Women will lead five of Quebec's eight largest cities following the 2021 municipal elections.
The biggest headline of the night may have been Valérie Plante's triumph over old foe Denis Coderre in Montreal, but across the province, the faces of municipal politics have become more gender-balanced.
According to the latest counts and projections, France Bélisle (Gatineau), Catherine Fournier (Longueuil), Évelyne Beaudin (Sherbrooke) and Julie Dufour (Saguenay) are all also on their way to their respective (and figurative) city hall corner offices.
In Quebec City, it seemed for a while like Marie-Josée Savard would join them. Multiple outlets had even called the election for her until the vote count for her opponent surged into the evening. Bruno Marchand ultimately claimed victory.
Mayor Plante commented on the historic nature of her second mandate in her victory speech Sunday night.
"Four years ago, Montrealers elected the first woman mayor in the history of the City of Montreal," she said.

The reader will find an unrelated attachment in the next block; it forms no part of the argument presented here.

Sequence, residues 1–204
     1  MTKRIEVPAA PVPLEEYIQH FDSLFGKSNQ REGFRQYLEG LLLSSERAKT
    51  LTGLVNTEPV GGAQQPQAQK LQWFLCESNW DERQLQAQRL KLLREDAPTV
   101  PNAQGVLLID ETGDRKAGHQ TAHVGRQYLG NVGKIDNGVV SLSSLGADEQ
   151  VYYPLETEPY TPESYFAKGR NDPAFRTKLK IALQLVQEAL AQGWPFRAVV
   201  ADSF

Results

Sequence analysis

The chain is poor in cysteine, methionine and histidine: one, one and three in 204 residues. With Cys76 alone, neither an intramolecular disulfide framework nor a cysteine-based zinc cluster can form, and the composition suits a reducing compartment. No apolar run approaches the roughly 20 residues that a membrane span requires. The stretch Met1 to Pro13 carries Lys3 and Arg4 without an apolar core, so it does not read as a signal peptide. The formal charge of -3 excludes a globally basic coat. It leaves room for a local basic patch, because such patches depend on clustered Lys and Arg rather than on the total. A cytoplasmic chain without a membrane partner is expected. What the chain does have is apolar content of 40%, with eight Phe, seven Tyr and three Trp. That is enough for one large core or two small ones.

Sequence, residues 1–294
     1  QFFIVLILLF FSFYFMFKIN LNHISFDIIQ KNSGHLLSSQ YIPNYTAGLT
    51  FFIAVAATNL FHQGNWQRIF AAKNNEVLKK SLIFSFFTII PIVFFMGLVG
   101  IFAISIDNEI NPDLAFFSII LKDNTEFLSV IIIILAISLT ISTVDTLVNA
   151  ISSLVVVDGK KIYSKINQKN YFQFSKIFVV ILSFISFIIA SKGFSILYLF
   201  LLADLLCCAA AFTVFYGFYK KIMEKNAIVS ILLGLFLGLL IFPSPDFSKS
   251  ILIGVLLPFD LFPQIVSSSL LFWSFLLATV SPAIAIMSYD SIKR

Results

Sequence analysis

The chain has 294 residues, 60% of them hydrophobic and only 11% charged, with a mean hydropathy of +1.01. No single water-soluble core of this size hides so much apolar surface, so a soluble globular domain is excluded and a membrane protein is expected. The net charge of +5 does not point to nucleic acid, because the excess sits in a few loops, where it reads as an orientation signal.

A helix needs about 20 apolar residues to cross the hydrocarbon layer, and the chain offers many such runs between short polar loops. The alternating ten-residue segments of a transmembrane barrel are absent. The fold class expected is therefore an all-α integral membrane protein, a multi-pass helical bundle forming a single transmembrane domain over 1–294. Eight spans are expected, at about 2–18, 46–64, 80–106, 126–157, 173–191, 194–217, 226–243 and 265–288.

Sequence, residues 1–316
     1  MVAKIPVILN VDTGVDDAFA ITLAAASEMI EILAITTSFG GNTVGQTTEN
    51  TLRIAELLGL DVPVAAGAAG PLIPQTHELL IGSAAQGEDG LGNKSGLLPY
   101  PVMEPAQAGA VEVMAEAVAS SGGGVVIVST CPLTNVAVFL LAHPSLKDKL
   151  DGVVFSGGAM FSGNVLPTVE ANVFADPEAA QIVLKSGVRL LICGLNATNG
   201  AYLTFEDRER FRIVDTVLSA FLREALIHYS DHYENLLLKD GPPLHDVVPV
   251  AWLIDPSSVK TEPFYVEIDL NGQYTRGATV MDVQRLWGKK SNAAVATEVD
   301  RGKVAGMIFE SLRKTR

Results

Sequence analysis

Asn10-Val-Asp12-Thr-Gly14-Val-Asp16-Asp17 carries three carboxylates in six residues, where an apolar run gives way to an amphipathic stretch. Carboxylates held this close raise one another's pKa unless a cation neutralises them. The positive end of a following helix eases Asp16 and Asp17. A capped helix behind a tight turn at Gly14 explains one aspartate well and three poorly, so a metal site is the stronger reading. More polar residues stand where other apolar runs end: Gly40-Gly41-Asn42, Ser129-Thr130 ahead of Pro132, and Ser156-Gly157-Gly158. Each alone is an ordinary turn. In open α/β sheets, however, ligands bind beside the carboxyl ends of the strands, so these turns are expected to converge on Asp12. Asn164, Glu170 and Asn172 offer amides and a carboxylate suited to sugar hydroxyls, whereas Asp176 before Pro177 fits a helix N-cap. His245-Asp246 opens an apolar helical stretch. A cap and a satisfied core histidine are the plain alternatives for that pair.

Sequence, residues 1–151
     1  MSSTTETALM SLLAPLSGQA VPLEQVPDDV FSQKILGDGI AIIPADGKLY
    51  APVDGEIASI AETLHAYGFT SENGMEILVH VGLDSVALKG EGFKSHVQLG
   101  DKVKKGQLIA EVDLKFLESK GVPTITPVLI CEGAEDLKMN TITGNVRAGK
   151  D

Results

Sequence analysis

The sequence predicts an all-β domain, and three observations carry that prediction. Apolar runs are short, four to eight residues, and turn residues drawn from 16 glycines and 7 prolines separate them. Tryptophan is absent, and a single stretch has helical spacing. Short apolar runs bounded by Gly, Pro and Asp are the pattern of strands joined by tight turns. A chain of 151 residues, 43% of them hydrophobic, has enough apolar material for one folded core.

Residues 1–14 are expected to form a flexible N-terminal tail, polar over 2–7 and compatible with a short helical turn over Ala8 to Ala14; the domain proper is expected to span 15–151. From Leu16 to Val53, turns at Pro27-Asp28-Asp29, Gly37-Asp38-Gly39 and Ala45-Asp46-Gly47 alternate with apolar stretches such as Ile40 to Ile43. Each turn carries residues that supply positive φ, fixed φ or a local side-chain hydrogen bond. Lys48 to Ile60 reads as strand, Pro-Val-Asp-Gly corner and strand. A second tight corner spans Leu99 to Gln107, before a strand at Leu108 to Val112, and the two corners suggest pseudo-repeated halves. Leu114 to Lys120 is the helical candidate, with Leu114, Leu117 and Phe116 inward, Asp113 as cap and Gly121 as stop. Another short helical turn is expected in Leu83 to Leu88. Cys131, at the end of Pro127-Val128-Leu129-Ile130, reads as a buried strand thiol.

"Tonight, they told us again, 'yes, this mayor, we're going to continue to work with her, we trust her!'"
This year, for the first time, Montrealers will have two women leading the city, as Projet Montréal's Dominique Ollivier is set to take over as president of the Executive Committee.
The government is in the process of filling a Service Canada job bank and it's advertising salaries of between $61,152 and $65,887.
On an online recruitment page, the Employment and Social Development Canada (ESDC) office says it needs to fill 45 benefits officer and program officer positions in Quebec and encourages qualified individuals to apply.
The only education requirement is a high school diploma.
While benefits officers review and process employment insurance applications, the government describes a wide range of duties for program officers, including coordination with local stakeholders regarding services from the ESDC.
Service Canada says it has EI processing centres and "program branches" in Montreal, Laval, Boucherville, Drummondville, Thetford Mines, Shawinigan, Quebec City and Saguenay, but that it may assign alternative workplaces to applicants who don't live in these areas.
In addition to a high school diploma, Service Canada is looking for applicants who have experience totalling six months "in delivering services or programs to the general public" or "interpreting and applying legislation or policies."